Sophisticated malicious outfits are keeping up with current trends, turning their sights on crypto users following the bankruptcy of FTX.
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Professional scam organizations are targeting cryptocurrency users following the collapse of FTX, initiating millions of automated calls and text messages in an attempt to swindle information and funds.
Clayton LiaBraaten, senior executive adviser at Truecaller — an app that helps identify scam callers and messages — spoke to Cointelegraph, scammers often closely follow crypto news to better prey on their victims:
“Fraudsters love volatility and current events. Anytime they can try to surf the contours of something very disruptive in the marketplace they have a great deal of success.”
LiaBraaten said that Truecaller also saw an increase in scam communications relating to Bitcoin (BTC) and other cryptocurrencies when the market started to become volatile earlier in 2022.
He added “agents” ultimately looking to steal funds launch millions of automated “robocalls“ and texts trying to latch onto people’s “fear, curiosity, and sometimes generosity.”
Phone numbers can be obtained in a variety of ways, including through data breaches that have leaked millions of numbers, or vitools that scrape social media platforms for information.
An imposter scam is most commonly seen by Truecaller, where a malicious actor will pretend to represent a support desk or similar entity from a major crypto exchange or business. Scammers will also publish their phone numbers on fake imitation websites, attempting to legitimize themselves.
Younger adults are more often targeted by fraudsters as “there’s so much information available about them because they put so much out there on social media,” according to LiaBraaten.
“They use the same handle for their Bitcoin forum as they do their TikTok and across all these social media platforms […] It’s very easy to build a data graph on these individuals and then begin targeting them. There’s just so much material to social engineer against with the younger generations.”
The abundance of information people put online allows scammers to send messages or calls that are in context to their intended targets, maki the malicious communications more convincing.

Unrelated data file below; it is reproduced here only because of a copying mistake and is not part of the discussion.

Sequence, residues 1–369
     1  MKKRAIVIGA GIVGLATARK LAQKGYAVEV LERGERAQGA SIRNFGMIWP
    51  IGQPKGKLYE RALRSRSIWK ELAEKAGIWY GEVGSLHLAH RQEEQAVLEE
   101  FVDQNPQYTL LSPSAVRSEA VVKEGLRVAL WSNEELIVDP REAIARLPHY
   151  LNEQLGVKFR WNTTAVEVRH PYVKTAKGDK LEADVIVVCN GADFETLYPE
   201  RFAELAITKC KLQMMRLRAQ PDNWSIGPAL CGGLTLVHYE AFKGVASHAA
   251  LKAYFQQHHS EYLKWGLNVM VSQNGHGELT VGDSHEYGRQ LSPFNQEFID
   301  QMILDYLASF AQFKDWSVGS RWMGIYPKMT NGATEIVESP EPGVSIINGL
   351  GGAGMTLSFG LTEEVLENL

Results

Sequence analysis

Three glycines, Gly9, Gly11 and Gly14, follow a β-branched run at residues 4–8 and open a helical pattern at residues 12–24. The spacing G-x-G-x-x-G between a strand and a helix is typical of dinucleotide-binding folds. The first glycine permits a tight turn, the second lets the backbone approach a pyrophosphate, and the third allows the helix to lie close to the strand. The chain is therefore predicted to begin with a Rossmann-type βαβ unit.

“They’re great psychologists and social engineers so they will try as hard as they can to bring something contextually relevant,” LiaBraaten said.
The initial call or text isn’t necessarily going to result in financial fraud LiaBraaten says, with agents first attempting to acquire or confirm information about their target in a bid to create trust.
“They’re building more and more details about the persona and when they gather enough information, then yes, they’re going to try to access your crypto wallet.”
“There’s a lot of folks who don’t really understand cryptocurrency,” LiaBraaten said. “They go after vulnerable people, so it’s unlikely that very savvy cryptocurrency aficionados are going to fall prey to this, because they’re pretty sharp about what they’re doing and very guarded.”
Regardless of a person’s ability to detect a scam, he said anyone who calls or messages asking for personal information or passwords should not be engaged with and only official channels should be used.
“One of the worst things that you can do is stay on the phone with these guys because it is their mission to relieve you of your cryptocurrency. It just takes a vulnerable moment, one minute of second-guessing yourself, and then they’re off to the races.”
In February, Binance CEO Changpeng “CZ” Zhao raised the alarm over a “massive” SMS phishing scam targeting Binance customers.
The scam involved sending users a text message with a link to cancel withdrawals, leading users to a fake website designed to harvest their login credentials.